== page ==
Revaluing Life–And Not Just Human Life . . .

The biomedical research community finds itself embattled today on a number of fronts, and like the secular bioethicist has problems with consistency and coherence. Science’s lead editorial on the new stem cell rules, for example, ends on a combative note that recognizes a difference of worldview underlying a number of debates: “The forces that have placed stem cell research in peril are powerful, and they are among a number of voices challenging science, whether the issue is research on embryos, reproductive biology, or the teaching of evolution in the schools.”14 Evolutionary theory, as a grand unifying theme within contemporary biology, is key to one of these worldviews, all right; but working through all of its implications is something that many of us, biomedical scientists, secular bioethicists, and the scientifically enlightened general public, have heretofore shied away from. Perhaps its most central tenet is that of evolutionary continuity. As the co-decipherer of the human genome, Craig Venter, remarked on the day completion of the first draft was announced, “[o]ne of the wonderful discoveries that my colleagues and I have made while decoding the DNA of over two dozen species, from viruses to bacteria to plants to insects and now human beings, is that we are all connected to the commonality of the genetic code and evolution.”15 But if we fully integrate this main insight of modern science, evolutionary continuity, we will need to rethink one of the fundamental ontological commitments that most of us in western culture, religious and secular alike, hold dear: that there is a great gulf existing between human life and all other life, a difference not just of degree but of kind, on which we may found the profound difference in our valuation of such lives. One can, of course, hold to a certain ontology through a “leap of faith” that spurns all empirical evidence, but only at great cost to any hope of coherence between the physical and the metaphysical.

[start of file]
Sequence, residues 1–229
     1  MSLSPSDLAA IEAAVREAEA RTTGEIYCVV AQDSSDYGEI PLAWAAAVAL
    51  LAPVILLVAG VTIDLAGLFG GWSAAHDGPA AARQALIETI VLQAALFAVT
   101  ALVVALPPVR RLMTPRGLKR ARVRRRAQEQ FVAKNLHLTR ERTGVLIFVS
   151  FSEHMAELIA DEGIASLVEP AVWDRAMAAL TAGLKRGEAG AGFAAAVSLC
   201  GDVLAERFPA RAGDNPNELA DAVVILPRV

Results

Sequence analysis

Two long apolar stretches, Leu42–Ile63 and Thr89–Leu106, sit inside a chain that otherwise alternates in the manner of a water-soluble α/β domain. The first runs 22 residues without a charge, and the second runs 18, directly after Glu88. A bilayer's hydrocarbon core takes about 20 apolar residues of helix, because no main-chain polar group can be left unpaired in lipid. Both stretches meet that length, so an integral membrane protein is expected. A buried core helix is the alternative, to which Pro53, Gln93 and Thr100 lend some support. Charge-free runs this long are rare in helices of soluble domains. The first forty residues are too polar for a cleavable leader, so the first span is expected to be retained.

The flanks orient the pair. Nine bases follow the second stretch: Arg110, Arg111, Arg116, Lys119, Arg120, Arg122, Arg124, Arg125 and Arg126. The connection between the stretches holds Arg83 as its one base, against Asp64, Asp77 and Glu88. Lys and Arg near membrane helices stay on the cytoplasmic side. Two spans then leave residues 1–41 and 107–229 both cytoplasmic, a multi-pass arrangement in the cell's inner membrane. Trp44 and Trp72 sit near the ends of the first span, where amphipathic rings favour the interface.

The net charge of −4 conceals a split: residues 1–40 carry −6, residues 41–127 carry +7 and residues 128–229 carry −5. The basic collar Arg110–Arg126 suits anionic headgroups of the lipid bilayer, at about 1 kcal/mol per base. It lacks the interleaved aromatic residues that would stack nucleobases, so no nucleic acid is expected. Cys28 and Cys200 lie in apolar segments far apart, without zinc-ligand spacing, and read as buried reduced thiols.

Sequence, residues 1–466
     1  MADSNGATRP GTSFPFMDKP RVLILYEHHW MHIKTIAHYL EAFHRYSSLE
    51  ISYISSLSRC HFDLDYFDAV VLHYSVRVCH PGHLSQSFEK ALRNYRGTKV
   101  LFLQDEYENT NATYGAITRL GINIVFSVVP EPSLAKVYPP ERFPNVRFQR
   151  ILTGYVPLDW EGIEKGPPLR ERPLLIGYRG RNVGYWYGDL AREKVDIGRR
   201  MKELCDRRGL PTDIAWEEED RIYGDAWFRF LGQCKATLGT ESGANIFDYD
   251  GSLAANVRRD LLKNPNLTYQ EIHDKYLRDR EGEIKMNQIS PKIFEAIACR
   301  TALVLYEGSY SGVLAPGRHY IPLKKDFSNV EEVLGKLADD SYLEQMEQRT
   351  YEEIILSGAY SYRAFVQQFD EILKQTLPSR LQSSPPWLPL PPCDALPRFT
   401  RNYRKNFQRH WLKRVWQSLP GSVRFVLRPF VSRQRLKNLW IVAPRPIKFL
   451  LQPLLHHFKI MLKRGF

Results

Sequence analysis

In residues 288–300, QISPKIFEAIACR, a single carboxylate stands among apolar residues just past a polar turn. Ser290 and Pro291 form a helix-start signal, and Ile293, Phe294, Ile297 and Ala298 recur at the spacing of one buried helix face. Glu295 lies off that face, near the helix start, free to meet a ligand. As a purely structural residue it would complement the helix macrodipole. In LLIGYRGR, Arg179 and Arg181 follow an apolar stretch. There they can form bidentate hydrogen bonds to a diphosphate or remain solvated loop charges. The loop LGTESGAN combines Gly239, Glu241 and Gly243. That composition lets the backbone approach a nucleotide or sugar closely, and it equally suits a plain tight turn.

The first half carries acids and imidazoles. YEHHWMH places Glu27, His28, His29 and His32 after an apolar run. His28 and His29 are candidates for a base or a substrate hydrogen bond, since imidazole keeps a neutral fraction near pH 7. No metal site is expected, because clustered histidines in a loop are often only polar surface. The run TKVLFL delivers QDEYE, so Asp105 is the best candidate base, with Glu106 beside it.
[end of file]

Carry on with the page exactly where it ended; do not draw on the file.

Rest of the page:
If we do recognize and respond to evolutionary continuity, however, it may prove somewhat inconvenient to our comfortable lifestyles. Realizing that farm animals have well- developed vertebrate nervous systems not unlike our own means, for example, that, yes, they probably are suffering on the factory farm, as are the hundreds of thousands of rats and mice who receive no pain medication for their intentionally induced malignancies. Interestingly, in June of 2000, Nature Neuroscience took note of Steven Wise’s recent book, Rattling the Cage, in an editorial addressing animal experimentation. Wise, an attorney arguing that at least some nonhuman animals–the great apes, in particular–should be given legal rights, since there is now a tremendous weight of evidence attesting to their higher cognitive capacities, which he mobilizes effectively in making his case. The editors observe that “[t]he traditional view is that there is an absolute distinction between humans and all other animals, but Wise argues that modern biology has made this obsolete, and that there is no reason why it should remain embodied in law,” and they admit that “[i]t would be unproductive to deny that the arguments raised in Wise’s book have some force.” 16 They advise, however, that biomedical researchers “will need to refute [the book’s] arguments” if they hope to stand up to the coming legal challenge.

Certainly, if the laws change, there will be adjustments to be made on the part of researchers. However, I think a little reflection on adopting a position of greater consistency within bioethical thought about all the issues I have raised here could prove immensely valuable. Yes, there is often not a great deal of respect shown to nonhuman animals or their tissues in research labs: unless things have changed quite a bit, for example, rats and mice are probably still killed, in many cases, by swinging them by their tails and hitting their heads into the lab bench. We don’t want the treatment of human beings to go there, nor are we comfortable with the prospects of our organs and tissues being reduced to commodities on the open market. But, if we were to acknowledge the truth of evolutionary continuity, why should the slide be in that direction? In other words, why not revalue all life, and take responsibility for treating it all with “respect”? What would some of the implications of such a change in attitude be?

Should we begin to truly respect all life on the planet, first of all, an imperative to bring more and more human lives, and only human lives, into being would become very difficult to support. If we update our ethics with our current science, an ecological understanding makes it clear that, within any ecosystem, there need to be organisms of different types, in proportions that can be specified within broad limits, in order for their needs to be complementary and the system itself to be optimally functional. In many places, human numbers have probably already exceeded those limits, to the detriment of other life, if not their own. If all life is valued, how might we respond? Though this is easier said than done, one option is for all of us to decide to reduce our human family sizes steadily over the coming decades; religious and cultural commitments aside, this course of action would seem to be as prudent for us as it is ethical.